Given the ubiquity of multiserver systems, it is surprising that even at this late date so little is understood regarding their performance as compared with their single-server counterpart. While for complex single server systems, we have closed-form solutions for busy periods, response times (sojourn times), and much more, we cannot make similar statements for most two-server systems. Furthermore while the M/G/1 queue is easily analyzed under a range of scheduling and prioritization policies, for the M/G/2 queue most scheduling policies aren't even close to analytically tractable.
The intractability of multiserver systems under different scheduling policies is particularly unfortunate, since "smart" scheduling algorithms have proven extremely effective at reducing mean response time for single-server queues, and are likely to be even more effective in the multiserver regime, due to the added flexibility multiple servers offer. There is a growing body of evidence suggesting that choosing the right task assignment policy when assigning jobs to hosts in a server farm can improve mean response time by orders of magnitude. Yet many important task assignment policies are still analytically intractable. Even the simplest questions regarding multiserver systems, such as ''how does one powerful server compare with many less-powerful servers'' and ''what is the benefit of allowing cycle stealing between the servers'' remain largely open.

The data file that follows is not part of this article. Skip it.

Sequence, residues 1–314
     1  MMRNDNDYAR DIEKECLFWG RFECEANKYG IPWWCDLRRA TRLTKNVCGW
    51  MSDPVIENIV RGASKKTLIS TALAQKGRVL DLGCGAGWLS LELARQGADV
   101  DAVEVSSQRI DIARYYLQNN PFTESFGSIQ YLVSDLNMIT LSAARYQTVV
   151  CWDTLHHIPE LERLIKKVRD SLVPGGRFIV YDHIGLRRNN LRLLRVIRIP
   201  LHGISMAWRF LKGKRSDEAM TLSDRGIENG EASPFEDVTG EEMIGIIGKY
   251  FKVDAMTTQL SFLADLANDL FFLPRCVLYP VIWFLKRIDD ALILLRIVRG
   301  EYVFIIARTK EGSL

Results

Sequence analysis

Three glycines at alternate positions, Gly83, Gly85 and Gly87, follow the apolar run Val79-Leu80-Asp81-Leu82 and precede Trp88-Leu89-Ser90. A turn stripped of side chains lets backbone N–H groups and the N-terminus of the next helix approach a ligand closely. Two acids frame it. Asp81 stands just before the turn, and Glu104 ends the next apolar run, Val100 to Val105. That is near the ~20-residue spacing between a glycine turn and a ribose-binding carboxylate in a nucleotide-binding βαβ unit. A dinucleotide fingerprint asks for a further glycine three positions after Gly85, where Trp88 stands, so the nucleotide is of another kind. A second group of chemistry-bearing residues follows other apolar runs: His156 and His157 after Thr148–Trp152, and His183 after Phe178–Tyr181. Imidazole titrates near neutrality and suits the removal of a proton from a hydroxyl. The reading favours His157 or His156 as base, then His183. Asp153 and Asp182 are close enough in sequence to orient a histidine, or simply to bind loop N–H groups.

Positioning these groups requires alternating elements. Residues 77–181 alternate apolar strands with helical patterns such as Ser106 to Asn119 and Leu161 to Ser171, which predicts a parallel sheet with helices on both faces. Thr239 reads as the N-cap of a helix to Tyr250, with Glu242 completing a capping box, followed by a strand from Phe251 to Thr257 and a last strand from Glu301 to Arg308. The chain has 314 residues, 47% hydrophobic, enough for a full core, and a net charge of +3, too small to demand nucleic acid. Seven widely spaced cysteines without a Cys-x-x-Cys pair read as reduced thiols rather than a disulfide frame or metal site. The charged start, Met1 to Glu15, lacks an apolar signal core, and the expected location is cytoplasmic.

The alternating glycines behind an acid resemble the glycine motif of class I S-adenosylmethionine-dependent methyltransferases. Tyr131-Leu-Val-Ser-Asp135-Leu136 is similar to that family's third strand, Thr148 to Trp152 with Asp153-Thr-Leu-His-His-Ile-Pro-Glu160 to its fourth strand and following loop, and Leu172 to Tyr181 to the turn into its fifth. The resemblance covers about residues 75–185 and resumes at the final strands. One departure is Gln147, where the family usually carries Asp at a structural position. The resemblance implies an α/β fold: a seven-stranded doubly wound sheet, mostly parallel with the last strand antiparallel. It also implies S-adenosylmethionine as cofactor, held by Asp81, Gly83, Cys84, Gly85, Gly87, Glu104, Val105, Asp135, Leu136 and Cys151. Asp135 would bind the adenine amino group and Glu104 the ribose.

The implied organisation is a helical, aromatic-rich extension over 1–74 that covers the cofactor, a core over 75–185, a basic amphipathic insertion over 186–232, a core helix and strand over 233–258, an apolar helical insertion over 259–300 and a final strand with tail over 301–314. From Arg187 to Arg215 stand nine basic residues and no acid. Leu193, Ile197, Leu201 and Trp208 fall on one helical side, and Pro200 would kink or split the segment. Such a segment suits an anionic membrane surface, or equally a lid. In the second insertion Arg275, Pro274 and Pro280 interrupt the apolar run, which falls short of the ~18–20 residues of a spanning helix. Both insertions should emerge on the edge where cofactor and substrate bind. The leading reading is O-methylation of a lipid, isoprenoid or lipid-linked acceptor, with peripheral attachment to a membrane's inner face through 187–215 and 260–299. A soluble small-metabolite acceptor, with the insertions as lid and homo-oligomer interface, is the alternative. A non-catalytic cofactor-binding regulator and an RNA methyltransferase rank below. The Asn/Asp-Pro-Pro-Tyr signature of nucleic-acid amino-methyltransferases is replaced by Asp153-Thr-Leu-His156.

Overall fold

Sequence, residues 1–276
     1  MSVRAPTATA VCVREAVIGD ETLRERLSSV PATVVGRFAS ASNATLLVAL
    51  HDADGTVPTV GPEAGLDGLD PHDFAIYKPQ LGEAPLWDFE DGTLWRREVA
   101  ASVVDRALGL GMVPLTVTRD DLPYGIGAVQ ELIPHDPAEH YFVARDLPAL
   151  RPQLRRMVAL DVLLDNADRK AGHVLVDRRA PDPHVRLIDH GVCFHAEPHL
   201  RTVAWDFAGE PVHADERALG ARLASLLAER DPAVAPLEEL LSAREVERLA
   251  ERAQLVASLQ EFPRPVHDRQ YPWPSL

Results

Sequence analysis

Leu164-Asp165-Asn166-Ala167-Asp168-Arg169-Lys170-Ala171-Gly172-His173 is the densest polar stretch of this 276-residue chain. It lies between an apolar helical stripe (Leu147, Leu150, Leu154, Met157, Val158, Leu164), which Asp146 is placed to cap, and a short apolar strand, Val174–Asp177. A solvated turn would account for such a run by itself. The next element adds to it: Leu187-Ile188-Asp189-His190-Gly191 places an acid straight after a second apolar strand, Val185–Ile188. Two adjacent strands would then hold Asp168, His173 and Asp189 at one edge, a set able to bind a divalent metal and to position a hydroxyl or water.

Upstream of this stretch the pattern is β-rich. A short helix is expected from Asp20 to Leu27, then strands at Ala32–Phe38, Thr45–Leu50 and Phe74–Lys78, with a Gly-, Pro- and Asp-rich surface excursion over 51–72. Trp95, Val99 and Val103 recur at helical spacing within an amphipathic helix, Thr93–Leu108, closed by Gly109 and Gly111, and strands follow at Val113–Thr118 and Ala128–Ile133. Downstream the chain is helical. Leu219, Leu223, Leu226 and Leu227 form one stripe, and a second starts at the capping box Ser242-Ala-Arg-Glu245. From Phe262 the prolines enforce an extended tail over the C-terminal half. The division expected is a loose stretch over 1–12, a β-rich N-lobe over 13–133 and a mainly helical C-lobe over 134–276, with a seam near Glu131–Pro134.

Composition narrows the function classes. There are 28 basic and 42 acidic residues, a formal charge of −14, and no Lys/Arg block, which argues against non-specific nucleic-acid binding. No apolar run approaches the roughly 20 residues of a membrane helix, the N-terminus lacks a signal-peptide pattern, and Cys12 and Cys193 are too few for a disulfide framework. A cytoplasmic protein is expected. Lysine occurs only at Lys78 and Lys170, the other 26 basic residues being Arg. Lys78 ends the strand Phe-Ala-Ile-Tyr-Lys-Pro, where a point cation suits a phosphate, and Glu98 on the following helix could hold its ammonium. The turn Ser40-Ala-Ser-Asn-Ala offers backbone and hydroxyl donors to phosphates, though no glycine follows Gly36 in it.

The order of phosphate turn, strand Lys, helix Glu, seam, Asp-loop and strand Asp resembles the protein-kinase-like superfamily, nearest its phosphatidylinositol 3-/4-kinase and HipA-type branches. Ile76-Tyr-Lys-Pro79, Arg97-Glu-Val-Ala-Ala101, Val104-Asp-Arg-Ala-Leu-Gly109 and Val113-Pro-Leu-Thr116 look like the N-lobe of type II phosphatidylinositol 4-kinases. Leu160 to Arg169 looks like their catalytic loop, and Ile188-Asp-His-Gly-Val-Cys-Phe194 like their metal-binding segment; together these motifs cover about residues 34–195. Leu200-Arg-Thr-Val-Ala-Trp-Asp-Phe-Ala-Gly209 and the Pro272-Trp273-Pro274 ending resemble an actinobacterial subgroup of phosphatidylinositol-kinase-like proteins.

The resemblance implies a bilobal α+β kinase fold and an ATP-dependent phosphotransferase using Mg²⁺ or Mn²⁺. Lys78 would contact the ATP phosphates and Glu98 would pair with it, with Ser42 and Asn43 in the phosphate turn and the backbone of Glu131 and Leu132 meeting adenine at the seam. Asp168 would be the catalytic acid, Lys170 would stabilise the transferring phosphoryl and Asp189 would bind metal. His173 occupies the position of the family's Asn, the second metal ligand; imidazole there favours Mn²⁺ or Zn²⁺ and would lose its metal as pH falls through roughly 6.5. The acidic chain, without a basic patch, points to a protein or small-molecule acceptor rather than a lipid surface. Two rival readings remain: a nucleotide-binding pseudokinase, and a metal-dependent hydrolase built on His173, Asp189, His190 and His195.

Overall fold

However recent advances in the area of multiserver systems (including moment results, tail asymptotic results for some specialized systems, methods for reducing 2-dimensionally infinite Markov chains to 1-dimensionally infinite Markov chains, time and unit-scaling techniques, and new results in scheduling theory and task assignment) lead us to believe that we are now finally in a position to solve some of these central multiserver questions. The purpose of this workshop is to bring together select researchers from around the globe to present their research and exchange thoughts, ideas, conjectures, and analytical techniques related to multiserver systems and their applications. We believe that significant progress on these difficult problems will be made through the exchange of ideas, and the collaborations borne out from this workshop.
If you plan to attend the workshop, you must REGISTER HERE . Laptop projectors, overhead projectors, and a white board will be available. Speakers with electronic presentations should email these to us by APRIL 5. Please click on EMAILING PRESENTATIONS for more information.
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